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Multivariate Methods for Fire Detection.

pdf icon Multivariate Methods for Fire Detection. (654 K)
Milke, J. A.; McAvoy, T. J.

NISTIR 6030; June 1997.

U.S./Japan Government Cooperative Program on Natural Resources (UJNR). Fire Research and Safety. 13th Joint Panel Meeting. Volume 2. March 13-20, 1996, Gaithersburg, MD, Beall, K. A., Editor(s), 411-418 pp, 1997.


National Institute of Standards and Technology, Gaithersburg, MD

Available from:

National Technical Information Service
Order number: PB97-184204


fire safety; fire research; fire detection; fire detectors; small scale fire tests; large scale fire tests; experiments; light obscuration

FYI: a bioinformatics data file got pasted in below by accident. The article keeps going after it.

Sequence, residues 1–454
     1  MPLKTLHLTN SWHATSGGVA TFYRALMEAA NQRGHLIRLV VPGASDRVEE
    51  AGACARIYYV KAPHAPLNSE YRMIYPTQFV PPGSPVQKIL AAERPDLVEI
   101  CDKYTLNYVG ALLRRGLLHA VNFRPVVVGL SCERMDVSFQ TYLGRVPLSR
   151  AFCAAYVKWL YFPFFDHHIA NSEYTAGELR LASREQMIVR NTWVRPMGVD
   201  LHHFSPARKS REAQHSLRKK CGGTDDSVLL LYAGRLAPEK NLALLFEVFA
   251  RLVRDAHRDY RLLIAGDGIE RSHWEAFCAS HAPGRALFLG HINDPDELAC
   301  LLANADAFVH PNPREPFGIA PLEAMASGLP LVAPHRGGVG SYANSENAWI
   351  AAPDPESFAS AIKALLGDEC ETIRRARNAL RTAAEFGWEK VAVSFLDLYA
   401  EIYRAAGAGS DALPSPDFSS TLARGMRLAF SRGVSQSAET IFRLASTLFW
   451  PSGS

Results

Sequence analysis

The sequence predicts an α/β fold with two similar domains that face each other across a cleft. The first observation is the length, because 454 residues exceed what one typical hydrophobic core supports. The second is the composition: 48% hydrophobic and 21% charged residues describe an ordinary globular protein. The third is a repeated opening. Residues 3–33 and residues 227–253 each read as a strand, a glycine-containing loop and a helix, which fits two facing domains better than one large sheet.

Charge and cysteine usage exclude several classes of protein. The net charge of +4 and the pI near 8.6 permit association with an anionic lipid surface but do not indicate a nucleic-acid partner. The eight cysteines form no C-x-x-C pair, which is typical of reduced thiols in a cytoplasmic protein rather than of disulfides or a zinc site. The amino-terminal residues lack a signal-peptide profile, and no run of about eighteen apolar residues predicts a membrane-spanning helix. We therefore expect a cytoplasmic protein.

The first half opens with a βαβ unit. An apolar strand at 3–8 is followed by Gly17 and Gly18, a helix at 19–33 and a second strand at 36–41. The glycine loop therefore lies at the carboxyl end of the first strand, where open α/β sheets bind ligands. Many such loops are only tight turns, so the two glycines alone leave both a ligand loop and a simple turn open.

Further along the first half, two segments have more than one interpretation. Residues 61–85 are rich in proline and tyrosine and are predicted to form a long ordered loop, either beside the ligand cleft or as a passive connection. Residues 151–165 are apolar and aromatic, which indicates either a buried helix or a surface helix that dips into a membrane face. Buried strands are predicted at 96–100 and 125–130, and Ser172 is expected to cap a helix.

Research is being conducted to describe the characteristics of an improved fire detector which promptly reacts to smoke while discriminating between smoke and odors from fire and non-fire sources. Discrimination is accomplished by comparing signature response patterns from fire and environmental sources collected in small- and large-scale tests. Smoke and odors are produced in the tests from a variety of conditions: flaming, pyrolyzing and heated samples, and nuisance sources, such as aerosols, household products and cooked food. Measurements include light obscuration, temperature, mass loss, CO CO2, O2 and oxidizable gas concentrations. The feasibility of an elementary expert system to classify the source of the signatures from small-scale experiments was demonstrated in the first phase. In the second and third phases, an expert system was developed by Multivariant statistical methods to distinguish between fire and non-fire sources. In addition, the presence of a fire could be identified despite the interjection of signatures from nuisance sources which could mask the fire signatures.